Here are 10 recommendations from Simon McGrath's new book Camping with Kids to help you on your way. Fun is certainly guaranteed, we can only hope that the weather stays on your side!
1. Build a tipi
Find some branches of similar size and lean them against a tree trunk. Overlap and interlock the branches at the top for stability and weave some smaller branches horizontally between the main supports. On top of this frame place piles of leaves and twigs and continue to weave longer sticks into the frame to make a protective lattice.
2. Cricketing capers
No need to find stumps or a wicket, try French cricket instead – it’s fun, fast-paced and the wicket is your legs. The batsman stands in the middle and the other players surround him or her as fielders. A person bowls with the aim of hitting the person’s legs with the ball below the knee. Try to score as many runs as possible before being bowled or caught out.
3. Get a bird’s-eye view
Climb a church steeple or castle tower (count the steps along the way) to get a view of the surrounding area. Spot local landmarks and see if you can make out your tent at the campsite.
4. Make a collage
Set the kids the challenge of collecting a variety of natural materials from a list, ticking them off as they go. Have a large clean sheet of paper to hand and glue or tape the objects down. Try to recreate the scene outside the tent or take it a step further and use the materials the make a fish or a ladybird shape.
5. Written in stone
Try to find 26 flat pebbles, one for each letter of the alphabet. Once painted with letters they can be used to spell out messages on the ground. Take a photograph of your message, get it printed and turn it into a holiday postcard. “Dear Grandad, you were right about the weather...”
6. Snapshot challenges
Devise a game whereby the children must photograph specific objects or places – a bit like a treasure hunt around the campsite. Challenge everyone to find and photograph something beginning with the same letter or the same colour. Or set an alphabet challenge. Start with the letter A and work through the alphabet. F for fox, T for tap or tent peg etc.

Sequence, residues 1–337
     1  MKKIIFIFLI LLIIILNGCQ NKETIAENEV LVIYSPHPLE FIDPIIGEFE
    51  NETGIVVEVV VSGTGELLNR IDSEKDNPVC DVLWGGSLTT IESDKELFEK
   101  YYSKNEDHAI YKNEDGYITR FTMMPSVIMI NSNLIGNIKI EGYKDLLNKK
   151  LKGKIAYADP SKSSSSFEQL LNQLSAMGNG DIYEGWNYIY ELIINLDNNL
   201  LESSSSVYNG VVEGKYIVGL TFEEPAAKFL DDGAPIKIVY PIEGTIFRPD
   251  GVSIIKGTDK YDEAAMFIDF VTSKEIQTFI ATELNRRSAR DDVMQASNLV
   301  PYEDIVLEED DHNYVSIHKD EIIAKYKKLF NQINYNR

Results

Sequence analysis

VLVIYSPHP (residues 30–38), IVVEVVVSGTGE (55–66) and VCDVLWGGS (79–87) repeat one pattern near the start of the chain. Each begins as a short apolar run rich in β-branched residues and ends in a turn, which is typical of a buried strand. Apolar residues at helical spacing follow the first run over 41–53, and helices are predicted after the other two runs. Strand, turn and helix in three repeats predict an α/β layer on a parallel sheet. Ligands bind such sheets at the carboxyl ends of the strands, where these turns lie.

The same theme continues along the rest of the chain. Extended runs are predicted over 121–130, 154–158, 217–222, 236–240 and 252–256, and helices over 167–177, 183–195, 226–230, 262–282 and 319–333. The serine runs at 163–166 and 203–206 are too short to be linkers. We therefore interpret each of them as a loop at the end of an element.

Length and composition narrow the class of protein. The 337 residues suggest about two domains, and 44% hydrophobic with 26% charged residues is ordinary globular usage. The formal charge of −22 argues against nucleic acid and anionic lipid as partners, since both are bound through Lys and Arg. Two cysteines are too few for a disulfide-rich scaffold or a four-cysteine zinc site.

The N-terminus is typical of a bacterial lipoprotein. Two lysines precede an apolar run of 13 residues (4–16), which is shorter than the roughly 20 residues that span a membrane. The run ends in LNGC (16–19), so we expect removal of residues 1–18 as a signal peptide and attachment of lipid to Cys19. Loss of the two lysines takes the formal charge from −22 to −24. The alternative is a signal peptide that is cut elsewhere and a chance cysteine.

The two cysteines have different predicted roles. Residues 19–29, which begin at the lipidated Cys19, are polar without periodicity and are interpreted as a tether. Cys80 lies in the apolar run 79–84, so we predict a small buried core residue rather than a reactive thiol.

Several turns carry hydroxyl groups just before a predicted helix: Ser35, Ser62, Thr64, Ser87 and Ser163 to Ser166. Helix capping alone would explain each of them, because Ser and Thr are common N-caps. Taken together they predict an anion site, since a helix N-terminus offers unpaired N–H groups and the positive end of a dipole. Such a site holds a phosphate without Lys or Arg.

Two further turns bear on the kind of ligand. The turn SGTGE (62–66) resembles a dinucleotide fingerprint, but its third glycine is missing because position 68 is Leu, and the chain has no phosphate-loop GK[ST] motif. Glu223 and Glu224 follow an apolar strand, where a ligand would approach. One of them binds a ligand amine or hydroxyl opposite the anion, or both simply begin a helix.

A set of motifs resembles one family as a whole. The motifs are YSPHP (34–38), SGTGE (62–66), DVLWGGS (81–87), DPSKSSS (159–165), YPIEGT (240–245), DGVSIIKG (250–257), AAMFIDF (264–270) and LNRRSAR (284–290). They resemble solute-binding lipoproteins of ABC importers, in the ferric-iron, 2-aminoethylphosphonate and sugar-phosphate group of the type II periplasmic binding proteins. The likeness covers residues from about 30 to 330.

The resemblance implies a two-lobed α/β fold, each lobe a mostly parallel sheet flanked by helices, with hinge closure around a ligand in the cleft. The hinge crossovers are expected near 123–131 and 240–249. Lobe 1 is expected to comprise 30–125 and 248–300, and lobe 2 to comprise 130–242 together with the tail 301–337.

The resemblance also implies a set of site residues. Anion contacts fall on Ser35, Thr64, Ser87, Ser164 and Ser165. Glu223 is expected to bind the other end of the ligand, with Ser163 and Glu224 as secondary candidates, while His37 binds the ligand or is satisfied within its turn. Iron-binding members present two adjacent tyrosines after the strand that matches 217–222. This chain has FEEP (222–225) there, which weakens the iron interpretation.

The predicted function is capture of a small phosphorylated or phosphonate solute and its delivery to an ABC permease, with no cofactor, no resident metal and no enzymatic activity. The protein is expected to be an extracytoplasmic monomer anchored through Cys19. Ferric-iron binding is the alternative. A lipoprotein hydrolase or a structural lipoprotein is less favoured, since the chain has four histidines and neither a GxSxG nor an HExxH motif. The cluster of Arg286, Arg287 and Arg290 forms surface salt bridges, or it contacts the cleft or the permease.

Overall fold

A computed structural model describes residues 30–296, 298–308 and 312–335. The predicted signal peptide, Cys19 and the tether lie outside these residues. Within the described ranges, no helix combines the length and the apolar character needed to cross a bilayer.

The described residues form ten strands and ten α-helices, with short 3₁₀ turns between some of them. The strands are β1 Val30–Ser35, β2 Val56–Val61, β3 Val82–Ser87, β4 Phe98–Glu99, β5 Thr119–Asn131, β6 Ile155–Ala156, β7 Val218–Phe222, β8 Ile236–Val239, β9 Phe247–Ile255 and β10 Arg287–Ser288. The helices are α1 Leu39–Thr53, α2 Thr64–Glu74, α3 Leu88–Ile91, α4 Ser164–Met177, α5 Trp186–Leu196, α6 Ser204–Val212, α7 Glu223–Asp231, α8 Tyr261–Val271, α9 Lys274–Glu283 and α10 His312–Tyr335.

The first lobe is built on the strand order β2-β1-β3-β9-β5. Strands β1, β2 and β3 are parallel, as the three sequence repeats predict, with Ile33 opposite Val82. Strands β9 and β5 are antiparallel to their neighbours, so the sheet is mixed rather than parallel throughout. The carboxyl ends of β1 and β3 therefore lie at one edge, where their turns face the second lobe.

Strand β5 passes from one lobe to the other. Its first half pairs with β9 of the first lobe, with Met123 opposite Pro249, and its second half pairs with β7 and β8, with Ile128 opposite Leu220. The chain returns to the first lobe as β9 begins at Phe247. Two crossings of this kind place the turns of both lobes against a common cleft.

7. Take to the trails
More and more traffic-free family-friendly trails are enjoyed by walkers and cyclists. Strap on your boots or hop on your bike to find trails that travel through nature reserves, past ponds and alongside rivers, into countless places of natural beauty – don’t forget a refreshment stop at one of the many picnic benches!
8. Sand art
Create a picture ‘painted’ in the sand. Pebbles, seaweed and shells make great materials to enhance the design. Frame your sand picture with four pieces of driftwood around the edge. And don’t forget to photograph it – it will be tricky to take home!
9. Go beachcombing
Every walk on the beach becomes a mini treasure hunt if you scan the sand for interesting objects. Beachcombing can be an absorbing way to while away a few hours. And only take away what you need – leave the rest for others to enjoy.
10. Stream fun
Little streams can be great fun. And not just for trying to catch a whopper in a net. Collect sticks and build a little dam or use them with pebbles to divert a section. Look for natural materials to build little bridges. Use some string and practise knot-tying to lash them together for a stronger structure.